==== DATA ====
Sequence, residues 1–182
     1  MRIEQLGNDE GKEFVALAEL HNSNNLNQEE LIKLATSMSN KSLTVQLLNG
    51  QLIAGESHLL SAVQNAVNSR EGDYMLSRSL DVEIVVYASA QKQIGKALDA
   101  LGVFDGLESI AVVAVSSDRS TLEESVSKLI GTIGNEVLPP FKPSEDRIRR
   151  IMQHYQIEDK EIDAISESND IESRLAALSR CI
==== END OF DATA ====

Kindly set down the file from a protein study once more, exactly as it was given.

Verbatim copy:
Sequence, residues 1–182
     1  MRIEQLGNDE GKEFVALAEL HNSNNLNQEE LIKLATSMSN KSLTVQLLNG
    51  QLIAGESHLL SAVQNAVNSR EGDYMLSRSL DVEIVVYASA QKQIGKALDA
   101  LGVFDGLESI AVVAVSSDRS TLEESVSKLI GTIGNEVLPP FKPSEDRIRR
   151  IMQHYQIEDK EIDAISESND IESRLAALSR CI